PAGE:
" Whosoever will, let him take the water of life freely."

Now, let us all believe these things. This is the last

utterance; this is the last word. The Gospel record is just about to close, and there is a short while, a little time, in which to say anything. Ah! have you ever thought of that? Have you ever thought of the lesson that comes out, not simply of what is written down from Genesis to the end of Revelation ; but have you ever thought of the lesson that comes to us out of the silence of all these nineteen hundred years? That is the last scratching of God's pen which we have read to-night. It is His very last utterance, wound up virtually by this :-“There is no use in saying any more, for behold, I am coming quickly." Then there has set in that long silence. Never since the world began was silence held so long. Never was the world so long without a voice from heaven as since these utterances were penned. It should tell upon us in this way. You remember last summer one afternoon when there came a darkness and a stillness—the stillness that precedes a storm on a sultry July or August afternoon. You know how it tells upon you—how it gets tense and intense, and man, beast, and bird alike feel it, and the fish clap down to the bottom of the sea. There is a desperate, dense, intense silence, and you know that soon there will be a flash, and a roar of thunder. I believe that God wants us to feel that in connection with the silence since this word was uttered. The longer time goes on,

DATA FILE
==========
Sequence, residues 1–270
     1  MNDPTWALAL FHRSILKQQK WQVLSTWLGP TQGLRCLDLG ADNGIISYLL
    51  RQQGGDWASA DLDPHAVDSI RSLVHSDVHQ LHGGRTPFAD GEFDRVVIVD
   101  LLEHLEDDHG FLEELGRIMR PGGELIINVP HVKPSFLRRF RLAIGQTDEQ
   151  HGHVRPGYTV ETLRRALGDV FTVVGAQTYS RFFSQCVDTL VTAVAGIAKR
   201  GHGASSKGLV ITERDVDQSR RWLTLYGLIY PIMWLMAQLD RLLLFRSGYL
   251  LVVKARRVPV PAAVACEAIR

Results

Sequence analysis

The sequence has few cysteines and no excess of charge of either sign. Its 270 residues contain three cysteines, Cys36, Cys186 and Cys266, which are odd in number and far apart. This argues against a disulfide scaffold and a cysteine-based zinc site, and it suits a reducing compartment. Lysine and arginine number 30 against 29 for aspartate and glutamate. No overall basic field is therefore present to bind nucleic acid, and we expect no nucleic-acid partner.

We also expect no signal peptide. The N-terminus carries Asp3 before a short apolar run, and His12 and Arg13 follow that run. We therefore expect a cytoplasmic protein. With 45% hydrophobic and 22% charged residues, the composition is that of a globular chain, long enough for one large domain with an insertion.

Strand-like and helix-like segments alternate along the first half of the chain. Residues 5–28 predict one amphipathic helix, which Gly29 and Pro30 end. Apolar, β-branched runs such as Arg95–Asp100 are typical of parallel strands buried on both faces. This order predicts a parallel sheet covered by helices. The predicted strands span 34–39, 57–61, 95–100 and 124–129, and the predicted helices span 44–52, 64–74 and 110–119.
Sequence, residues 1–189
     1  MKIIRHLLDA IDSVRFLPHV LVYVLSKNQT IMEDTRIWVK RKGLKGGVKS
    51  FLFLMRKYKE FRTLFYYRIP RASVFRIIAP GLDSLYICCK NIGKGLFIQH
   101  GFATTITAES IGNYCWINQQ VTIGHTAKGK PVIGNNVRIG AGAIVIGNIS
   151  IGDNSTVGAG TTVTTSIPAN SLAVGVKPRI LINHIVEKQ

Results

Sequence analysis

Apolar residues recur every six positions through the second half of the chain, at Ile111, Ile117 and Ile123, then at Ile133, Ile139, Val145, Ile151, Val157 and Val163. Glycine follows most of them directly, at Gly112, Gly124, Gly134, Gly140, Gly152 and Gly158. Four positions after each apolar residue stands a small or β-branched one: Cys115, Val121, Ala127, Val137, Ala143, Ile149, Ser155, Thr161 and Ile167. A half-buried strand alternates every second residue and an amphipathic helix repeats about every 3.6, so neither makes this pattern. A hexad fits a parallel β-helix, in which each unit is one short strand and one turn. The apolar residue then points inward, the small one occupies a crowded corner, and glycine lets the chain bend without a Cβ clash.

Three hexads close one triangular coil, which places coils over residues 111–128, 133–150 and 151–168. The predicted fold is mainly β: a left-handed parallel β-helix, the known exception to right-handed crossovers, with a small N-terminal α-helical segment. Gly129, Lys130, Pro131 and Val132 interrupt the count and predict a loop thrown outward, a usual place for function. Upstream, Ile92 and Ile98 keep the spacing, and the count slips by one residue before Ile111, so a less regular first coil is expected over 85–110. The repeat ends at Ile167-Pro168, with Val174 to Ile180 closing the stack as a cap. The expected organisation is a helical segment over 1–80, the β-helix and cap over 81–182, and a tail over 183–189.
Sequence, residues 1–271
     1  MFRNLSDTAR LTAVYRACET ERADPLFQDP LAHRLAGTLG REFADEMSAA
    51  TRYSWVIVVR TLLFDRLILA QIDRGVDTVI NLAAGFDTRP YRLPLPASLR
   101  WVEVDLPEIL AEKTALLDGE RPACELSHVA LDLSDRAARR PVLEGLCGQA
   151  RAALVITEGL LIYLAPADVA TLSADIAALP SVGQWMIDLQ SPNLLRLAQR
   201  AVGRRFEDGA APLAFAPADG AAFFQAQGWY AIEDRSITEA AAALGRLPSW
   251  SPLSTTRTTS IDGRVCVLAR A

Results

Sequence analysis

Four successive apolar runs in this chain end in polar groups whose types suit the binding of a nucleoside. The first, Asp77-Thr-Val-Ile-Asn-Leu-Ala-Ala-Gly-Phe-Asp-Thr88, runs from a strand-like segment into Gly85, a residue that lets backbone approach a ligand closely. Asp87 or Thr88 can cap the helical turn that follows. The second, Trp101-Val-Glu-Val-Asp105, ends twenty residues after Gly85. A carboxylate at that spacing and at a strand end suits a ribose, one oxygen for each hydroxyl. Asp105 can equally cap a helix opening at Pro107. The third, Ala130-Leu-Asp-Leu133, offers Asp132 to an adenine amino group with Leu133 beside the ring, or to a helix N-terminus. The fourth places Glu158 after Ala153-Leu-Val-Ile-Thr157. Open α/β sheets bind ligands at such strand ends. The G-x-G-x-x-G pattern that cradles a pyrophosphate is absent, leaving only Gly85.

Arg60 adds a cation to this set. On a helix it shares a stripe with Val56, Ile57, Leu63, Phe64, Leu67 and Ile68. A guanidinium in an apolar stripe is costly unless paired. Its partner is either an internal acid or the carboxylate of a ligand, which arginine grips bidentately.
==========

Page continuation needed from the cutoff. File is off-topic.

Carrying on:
the more our ears should be almost ready to crack with the pain of this intense stillness, which will be broken soon by the pealing cry, “ Behold, I come !

Nothing can exaggerate or over-emphasize the solemnity of our text, with all the added solemnity that comes from the deep, solemn silence ever since. It will be broken. It may

very near.

I have no theories whatever about the second coming. It is coming. It is a legitimate thing to preach, and a legitimate influence to bring to bear upon the hearts of men ; anything at all that will urge you to Christ, my brother, my sister; any motive, earthly or heavenly, that will make you yield and come to Christ—anything that will do that—is God's, and not mine.

“ The Spirit and the bride say, Come.”—I wish you first of all, dear friends, to notice the name that stands at the head of this invitation. Learn that this name stands at the head of all Gospel texts, and that this name is emblazoned over the heads of all Gospel preachers. We are not simply using our own words, and speaking in our own name, when we say, “Quit the world, and quit self, and quit sin, and come to Jesus Christ who died on the Cross, and lives again, and invites you. We speak in a name of great authority. “ The Spirit says, Come.”